At least 55 killed in Gaza as US Embassy opens in Jerusalem
Israeli fire killed at least 55 Palestinians during mass protests along the Gaza border on May 14, marking the deadliest day of violence there since a devastating 2014 cross-border war and casting a pall over Israel’s festive inauguration of the new U.S. Embassy in contested Jerusalem.
In a show of anger fueled by the embassy move, protesters set tires on fire, sending plumes of black smoke into the air, and hurled firebombs and stones toward Israeli troops across the border. The Israeli military claimed its troops had come under fire. It said troops shot and killed three Palestinians who were trying to plant a bomb.
By midafternoon, at least 41 Palestinians, including five minors, were killed, the Gaza Health Ministry said. One of the minors was identified as a girl.
At least 772 protesters were wounded, including 86 in serious or critical condition.
The Hamas-led protest in Gaza was meant to be the biggest yet in a weeks-long campaign against a decade-old blockade of the territory. The march was also directed at the inauguration of the U.S. Embassy in Jerusalem which took place in the afternoon on May 14.
“A great day for Israel!” Trump tweeted early on May 14.
The day marked the biggest showdown in years between Israel’s military and Gaza’s Hamas rulers along the volatile border. The sides have largely observed a cease-fire since the 2014 war - their third in a decade.
The protests mark the culmination of a campaign, led by Hamas and fueled by despair among Gaza’s 2 million people, to break the decade-old border blockade of the territory imposed by Israel and Egypt after Hamas seized control of Gaza in 2007. Since weekly border marches began in late March, 83 Palestinian protesters have been killed and more than 2,500 wounded by Israeli army fire. Hamas said four members, including three security men, were among the dead Monday.
Ismail Radwan, a senior Hamas figure, said the mass border protests against Israel will continue “until the rights of the Palestinian people are achieved.”
“Moving the U.S. Embassy to Jerusalem will be a disaster on the American administration and a black day in the history of the American people because they are partners with the occupation and its aggression against the Palestinian people,” he added.
Hamas leaders have suggested a border breach is possible Monday, something Israel has vowed to prevent at any cost.
Most of the casualties were in the southern Gaza towns of Khan Younis and Rafah. Israeli forces were firing volleys of tear gas to disperse the crowds, and the sound of heavy gunfire could be heard. Sirens were constantly wailing as the wounded were carried to nearby ambulances. Groups of young activists repeatedly approached the fence, but were quickly scattered by gunfire and tear gas.
Lt. Col. Jonathan Conricus, an Israeli military spokesman, said the army had set up additional “layers” of security in and around communities near the border to defend Israeli civilians. He said there already had been several “significant attempts” to break through the fence.
“Even if the fence is breached, we will be able to protect Israeli civilians from attempts to massacre or kidnap or kill them,” he said.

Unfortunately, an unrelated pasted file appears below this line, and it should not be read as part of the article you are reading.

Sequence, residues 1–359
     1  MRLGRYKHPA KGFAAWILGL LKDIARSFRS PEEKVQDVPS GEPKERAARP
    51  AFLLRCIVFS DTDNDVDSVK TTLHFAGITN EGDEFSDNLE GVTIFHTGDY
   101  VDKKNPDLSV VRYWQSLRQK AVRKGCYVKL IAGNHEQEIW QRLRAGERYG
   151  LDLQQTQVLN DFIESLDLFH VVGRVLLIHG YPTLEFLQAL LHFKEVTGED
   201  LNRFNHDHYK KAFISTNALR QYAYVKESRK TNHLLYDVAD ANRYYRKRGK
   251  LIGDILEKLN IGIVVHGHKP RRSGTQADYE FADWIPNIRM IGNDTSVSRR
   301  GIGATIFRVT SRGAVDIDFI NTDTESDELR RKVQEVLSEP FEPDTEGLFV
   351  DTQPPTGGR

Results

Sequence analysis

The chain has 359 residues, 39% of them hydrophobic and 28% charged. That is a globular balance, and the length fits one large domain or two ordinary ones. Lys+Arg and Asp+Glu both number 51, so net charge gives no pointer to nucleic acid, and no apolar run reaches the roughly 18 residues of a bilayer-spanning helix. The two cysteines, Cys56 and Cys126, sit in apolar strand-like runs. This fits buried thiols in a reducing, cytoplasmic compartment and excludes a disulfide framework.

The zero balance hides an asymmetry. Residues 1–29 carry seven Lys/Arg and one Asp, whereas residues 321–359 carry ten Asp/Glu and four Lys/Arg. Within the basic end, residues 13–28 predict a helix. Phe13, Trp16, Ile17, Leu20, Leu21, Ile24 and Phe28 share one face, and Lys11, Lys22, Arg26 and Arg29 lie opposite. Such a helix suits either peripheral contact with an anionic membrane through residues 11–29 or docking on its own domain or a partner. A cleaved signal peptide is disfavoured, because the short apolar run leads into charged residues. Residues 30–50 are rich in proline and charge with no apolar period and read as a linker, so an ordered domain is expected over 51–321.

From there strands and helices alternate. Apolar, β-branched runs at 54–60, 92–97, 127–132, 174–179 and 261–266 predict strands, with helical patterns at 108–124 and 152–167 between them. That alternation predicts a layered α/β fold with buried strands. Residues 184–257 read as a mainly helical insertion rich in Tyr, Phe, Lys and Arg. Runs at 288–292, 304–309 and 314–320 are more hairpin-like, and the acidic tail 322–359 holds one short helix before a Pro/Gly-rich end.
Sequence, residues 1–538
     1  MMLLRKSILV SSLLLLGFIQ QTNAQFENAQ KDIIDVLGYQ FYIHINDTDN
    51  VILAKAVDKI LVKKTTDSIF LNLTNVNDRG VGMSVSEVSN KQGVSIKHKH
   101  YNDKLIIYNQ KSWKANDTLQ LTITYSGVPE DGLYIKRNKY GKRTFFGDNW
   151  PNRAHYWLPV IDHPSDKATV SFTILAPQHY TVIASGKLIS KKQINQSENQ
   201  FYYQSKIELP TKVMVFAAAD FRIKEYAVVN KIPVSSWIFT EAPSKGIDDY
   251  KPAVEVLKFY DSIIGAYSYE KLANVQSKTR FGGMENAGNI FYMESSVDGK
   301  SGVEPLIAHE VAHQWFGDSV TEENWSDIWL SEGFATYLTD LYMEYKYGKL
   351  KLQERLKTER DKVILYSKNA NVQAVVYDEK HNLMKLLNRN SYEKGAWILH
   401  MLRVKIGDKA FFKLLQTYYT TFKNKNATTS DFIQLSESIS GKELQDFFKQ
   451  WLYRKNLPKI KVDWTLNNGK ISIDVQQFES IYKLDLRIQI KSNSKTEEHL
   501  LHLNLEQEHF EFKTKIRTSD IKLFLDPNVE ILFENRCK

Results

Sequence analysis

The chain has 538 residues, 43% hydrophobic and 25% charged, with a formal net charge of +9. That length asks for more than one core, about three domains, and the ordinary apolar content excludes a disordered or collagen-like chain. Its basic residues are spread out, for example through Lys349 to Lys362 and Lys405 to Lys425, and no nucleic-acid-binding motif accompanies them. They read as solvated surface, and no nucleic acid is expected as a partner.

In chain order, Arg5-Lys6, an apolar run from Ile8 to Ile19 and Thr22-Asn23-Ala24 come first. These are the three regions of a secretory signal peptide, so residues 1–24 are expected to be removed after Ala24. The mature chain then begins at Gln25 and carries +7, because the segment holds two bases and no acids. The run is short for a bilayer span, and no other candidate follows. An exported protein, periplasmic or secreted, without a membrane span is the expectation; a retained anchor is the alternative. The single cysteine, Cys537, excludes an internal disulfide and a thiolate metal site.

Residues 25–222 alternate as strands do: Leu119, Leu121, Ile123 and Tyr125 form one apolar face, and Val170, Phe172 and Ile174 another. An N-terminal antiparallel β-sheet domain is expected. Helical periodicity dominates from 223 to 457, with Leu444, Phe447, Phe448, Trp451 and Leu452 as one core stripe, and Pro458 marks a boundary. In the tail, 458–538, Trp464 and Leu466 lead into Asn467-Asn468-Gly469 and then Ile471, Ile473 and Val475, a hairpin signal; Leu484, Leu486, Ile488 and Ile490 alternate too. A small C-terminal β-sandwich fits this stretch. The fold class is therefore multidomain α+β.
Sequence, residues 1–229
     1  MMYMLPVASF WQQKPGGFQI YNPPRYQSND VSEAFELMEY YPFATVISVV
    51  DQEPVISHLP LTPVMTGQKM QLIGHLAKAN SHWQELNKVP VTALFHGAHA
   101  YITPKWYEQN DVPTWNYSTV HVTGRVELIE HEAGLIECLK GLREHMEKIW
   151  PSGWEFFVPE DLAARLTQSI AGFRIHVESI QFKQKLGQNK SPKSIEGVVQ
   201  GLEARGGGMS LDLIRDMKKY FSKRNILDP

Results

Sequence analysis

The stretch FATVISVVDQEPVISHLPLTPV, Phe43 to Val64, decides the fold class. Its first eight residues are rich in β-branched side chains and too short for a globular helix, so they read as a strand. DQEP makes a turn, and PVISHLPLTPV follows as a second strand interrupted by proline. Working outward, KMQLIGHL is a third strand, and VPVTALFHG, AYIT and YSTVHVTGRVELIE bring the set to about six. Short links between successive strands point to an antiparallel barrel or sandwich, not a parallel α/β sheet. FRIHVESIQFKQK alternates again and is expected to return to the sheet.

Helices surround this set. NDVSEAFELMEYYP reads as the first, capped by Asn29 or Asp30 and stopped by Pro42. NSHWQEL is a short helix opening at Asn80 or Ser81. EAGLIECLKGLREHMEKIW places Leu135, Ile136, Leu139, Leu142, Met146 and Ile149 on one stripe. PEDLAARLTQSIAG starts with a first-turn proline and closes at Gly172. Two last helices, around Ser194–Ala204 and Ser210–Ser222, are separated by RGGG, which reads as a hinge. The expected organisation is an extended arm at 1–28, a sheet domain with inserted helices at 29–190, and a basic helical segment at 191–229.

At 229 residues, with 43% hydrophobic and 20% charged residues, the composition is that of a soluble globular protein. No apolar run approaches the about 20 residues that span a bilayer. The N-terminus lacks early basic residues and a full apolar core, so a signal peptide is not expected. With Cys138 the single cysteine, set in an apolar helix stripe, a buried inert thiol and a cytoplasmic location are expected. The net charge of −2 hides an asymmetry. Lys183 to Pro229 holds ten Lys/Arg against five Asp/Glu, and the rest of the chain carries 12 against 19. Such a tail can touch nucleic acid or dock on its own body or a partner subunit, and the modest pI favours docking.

In a statement, the army said troops had shot and killed three Palestinians who attempted to plant a bomb along the fence. It also said an aircraft had targeted a Hamas post in northern Gaza after Israeli troops came under fire.
The timing of the May 14 events was deeply symbolic, both to Israel and the Palestinians.
The U.S. said it chose the date to coincide with the 70th anniversary of Israel’s establishment.
But it also marks the anniversary of what Palestinians call their “nakba,” or catastrophe, a reference to the uprooting of hundreds of thousands who fled or were expelled from what is now Israel during the 1948 war surrounding Israel’s independence.
Leaflets dropped over Gaza by army jets warned that those approaching the border “jeopardize” their lives. The warning said the army is “prepared to face all scenarios and will act against every attempt to damage the security fence or harm IDF soldiers or Israeli civilians.”
Trump’s decision to move the American embassy from Tel Aviv to Jerusalem was welcomed by Israel and condemned by the Palestinians.
Israel captured east Jerusalem in the 1967 Mideast war and annexed it in a move not recognized by the international community. The Palestinians seek the city’s eastern half as the capital of a future state.
Palestinian President Mahmoud Abbas cut ties with the Trump administration and declared it unfit to mediate peace talks.
Saeb Erekat, a senior Abbas aide, said Monday that Trump had violated a promise to hold off on moving the embassy to give peace talks a chance and that his administration is “based on lies.”
Erekat said the Trump administration has “become part of the problem, not part of the solution.”
In the West Bank, several dozen Palestinian stone-throwers clashed with Israeli troops on the outskirts of Jerusalem, with no immediate reports of injuries. Earlier Monday, several thousand gathered in the West Bank city of Ramallah to protest the inauguration of the new embassy.
Palestinians seek east Jerusalem as a capital and view the Trump administration’s change in policy as a blatant show of pro-Israel bias. Israeli Prime Minister Benjamin Netanyahu has repeatedly praised Trump’s decision to upend decades of U.S. policy by recognizing Jerusalem as Israel’s capital.
Although Trump has said his declaration does not set the final borders of the city, it is seen by both Israel and the Palestinians as taking Israel’s side in the most sensitive issue in their conflict.
Only two countries, Guatemala and Paraguay, have said they will follow suit.
The opening ceremony was attended by Trump’s daughter Ivanka and son-in-law Jared Kushner, who both serve as White House advisers. Kushner leads the Trump Mideast team.